“Merrymakers dance the night away,” reads the bottom of a magazine sheet that the 2015 Baxter St Workspace Resident Pacifico Silano ‘tore’ from a vast collection of gay porn ephemera for his intricately hung solo exhibition at Baxter St Camera Club’s Chinatown location. Tear Sheets fits like a glove as a title to Pacifico’s practice, which stems from investigating marginalized and disposed ephemera belonging to all in all marginalized gay identity.
Originating from 1970s and 1980s–that weighty era of pre and post AIDS outbreak, pages from bygone gay magazines such as Blueboy and Torso revive through Silano’s meticulous treatment, not only unveiling subdued narratives embedded into the history of gay culture, but also adopting timely and germane dialogues this app-driven era has born.
The graduate of SVA’s Photography & Video MFA program, Silano employs inherently obsessive archivist soul that pioneers of The Pictures Generation mastered. Silano holds onto this meticulous approach as an anchor during his study between countless pages graced by handsome models whose anonymities reclaim them as iconic.
Wandering around Silano’s exhibition, one cannot help pondering the question of how many of these models actually made through the pandemic, or, if they did, where they are now. These questions and the traumatic state of AIDS–from its emergence in the late ‘70s to the present–coats the exhibition mutely, but gracefully. Silano, who presented his solo New York debut Against Nature last year at ClampArt (read our co-founder Emily Colucci’s interview with him for VICE), knows how to orchestrate exquisite and elegant compositions out of vast material utilizing extensive means of digital media.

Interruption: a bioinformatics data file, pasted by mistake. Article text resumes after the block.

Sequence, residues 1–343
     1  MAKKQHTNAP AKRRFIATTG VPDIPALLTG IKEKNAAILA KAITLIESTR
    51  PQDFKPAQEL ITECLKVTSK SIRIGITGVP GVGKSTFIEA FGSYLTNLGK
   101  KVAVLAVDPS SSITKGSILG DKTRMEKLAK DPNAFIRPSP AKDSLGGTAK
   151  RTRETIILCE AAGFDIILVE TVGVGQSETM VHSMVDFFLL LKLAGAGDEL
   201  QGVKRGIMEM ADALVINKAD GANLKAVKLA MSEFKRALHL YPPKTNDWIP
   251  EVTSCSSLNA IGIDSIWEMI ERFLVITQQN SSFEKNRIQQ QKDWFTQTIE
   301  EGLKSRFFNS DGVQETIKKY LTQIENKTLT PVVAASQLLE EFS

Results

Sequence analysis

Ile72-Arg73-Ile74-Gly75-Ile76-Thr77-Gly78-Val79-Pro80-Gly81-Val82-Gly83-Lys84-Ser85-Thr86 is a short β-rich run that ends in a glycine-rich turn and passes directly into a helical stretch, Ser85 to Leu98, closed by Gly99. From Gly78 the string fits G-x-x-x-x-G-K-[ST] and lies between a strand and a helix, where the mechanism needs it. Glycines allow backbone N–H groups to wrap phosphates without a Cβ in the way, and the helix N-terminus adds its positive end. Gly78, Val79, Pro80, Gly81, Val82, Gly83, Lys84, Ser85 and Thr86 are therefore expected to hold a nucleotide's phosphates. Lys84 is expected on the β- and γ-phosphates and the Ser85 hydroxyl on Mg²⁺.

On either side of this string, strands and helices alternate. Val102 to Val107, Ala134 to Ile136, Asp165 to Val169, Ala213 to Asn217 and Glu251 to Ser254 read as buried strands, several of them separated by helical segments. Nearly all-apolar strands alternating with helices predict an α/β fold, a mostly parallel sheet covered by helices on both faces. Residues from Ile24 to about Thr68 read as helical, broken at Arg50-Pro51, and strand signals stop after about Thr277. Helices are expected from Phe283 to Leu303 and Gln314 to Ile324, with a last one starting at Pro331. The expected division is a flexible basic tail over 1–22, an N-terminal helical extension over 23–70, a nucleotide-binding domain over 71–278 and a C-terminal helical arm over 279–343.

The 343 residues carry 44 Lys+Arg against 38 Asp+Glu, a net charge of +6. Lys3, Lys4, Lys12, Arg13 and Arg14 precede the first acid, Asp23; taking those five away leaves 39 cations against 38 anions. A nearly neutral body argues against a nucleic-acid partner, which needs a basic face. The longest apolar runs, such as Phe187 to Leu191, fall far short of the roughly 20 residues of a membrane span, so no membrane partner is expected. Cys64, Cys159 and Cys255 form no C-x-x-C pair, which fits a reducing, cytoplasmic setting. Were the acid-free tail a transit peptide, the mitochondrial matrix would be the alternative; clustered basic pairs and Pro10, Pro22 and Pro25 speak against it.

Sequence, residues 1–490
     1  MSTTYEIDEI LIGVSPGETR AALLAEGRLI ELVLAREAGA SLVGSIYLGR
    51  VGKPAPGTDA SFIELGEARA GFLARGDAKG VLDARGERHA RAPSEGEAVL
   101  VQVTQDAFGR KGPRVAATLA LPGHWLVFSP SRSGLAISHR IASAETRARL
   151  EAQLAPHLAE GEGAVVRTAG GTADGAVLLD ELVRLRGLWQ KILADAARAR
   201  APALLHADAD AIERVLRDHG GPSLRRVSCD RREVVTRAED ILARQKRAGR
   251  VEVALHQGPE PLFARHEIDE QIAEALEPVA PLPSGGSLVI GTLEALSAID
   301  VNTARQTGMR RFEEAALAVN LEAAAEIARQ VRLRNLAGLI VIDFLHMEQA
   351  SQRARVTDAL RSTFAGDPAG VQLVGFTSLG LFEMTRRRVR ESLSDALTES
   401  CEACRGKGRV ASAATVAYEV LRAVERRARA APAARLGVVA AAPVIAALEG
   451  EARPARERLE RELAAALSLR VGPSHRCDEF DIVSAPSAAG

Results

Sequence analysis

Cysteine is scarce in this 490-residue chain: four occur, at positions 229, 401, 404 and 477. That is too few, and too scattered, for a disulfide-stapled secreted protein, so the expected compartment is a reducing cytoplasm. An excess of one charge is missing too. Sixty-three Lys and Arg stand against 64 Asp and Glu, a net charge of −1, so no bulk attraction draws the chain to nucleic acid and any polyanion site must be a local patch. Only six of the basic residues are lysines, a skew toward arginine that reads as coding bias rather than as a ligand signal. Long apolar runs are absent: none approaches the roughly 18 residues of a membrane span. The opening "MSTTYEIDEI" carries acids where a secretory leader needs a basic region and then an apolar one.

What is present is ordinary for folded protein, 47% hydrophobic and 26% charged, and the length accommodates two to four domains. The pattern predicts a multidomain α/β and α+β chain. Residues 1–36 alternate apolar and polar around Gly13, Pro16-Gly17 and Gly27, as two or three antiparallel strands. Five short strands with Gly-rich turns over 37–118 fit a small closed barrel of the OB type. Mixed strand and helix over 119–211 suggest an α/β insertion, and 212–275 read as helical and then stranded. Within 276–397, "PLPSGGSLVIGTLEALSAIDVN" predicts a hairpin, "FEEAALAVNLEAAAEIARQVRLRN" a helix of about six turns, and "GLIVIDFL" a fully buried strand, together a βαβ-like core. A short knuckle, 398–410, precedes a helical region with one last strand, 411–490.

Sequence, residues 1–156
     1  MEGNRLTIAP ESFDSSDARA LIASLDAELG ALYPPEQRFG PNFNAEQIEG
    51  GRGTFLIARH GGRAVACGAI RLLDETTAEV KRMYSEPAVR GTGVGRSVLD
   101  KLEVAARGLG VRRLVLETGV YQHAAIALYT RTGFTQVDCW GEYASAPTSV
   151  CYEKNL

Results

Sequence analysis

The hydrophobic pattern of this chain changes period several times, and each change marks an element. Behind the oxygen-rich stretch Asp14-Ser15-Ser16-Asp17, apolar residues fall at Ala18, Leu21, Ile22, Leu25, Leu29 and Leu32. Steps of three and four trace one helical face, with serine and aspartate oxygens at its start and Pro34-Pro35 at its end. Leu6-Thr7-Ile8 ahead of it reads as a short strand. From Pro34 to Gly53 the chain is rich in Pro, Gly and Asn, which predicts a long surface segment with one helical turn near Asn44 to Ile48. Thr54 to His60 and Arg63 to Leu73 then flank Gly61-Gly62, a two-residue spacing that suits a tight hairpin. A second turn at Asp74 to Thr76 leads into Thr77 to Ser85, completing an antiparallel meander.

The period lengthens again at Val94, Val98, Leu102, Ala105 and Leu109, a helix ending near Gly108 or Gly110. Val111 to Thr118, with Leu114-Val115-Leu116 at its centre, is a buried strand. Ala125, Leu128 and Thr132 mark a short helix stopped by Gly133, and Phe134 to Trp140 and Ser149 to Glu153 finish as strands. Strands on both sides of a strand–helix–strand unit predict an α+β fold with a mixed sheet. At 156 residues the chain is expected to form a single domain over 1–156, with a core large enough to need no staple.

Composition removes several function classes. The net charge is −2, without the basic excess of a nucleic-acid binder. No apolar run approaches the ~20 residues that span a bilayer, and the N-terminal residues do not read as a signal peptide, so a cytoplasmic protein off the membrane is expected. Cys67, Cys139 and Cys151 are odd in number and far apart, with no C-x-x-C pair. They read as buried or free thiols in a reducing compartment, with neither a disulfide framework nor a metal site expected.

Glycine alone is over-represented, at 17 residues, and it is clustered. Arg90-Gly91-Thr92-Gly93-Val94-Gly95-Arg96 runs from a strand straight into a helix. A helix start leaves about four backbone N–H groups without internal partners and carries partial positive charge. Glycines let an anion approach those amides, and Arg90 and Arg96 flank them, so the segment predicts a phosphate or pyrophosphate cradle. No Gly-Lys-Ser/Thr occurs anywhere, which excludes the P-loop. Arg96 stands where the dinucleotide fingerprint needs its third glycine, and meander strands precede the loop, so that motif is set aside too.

Putting contemplative force of blank space into conversation with the profound, optic charge of pornographic ephemera in works such as Cherry Lips, Leather Bar Matches and Hollywood Spa, the Brooklyn-based artist articulates the performative nature of looking, tearing and hiding–acts that have always governed undisclosed gay experience in a heteronormative landscape.
Appropriation has been the foremost term expressed alongside The Pictures Generation. Although this has been applicable for its pioneers who had critical outlooks on consumerist, elitist and sexist visual culture, Silano’s methodology is distant from internalizing such outsider approach as he delves into tracing waning footprints of his own community and identity.
Instead, he dismantles undertones beneath ghettoized, rapidly perishing archives of minor histories, pursuing methods of an avid researcher and archivist. “Queer is a continuing moment, movement, motive–recurrent, eddying, troublant‘ cites queer theorist Eve Kosofsky Sedgwick in the foreword of Tendencies, emphasizing its fluid and transformative state over time. Crossing over decades, ideals and encounters, enduring force of piles–once hiding under beds or in depths of closets–that narrate queer experience over generations.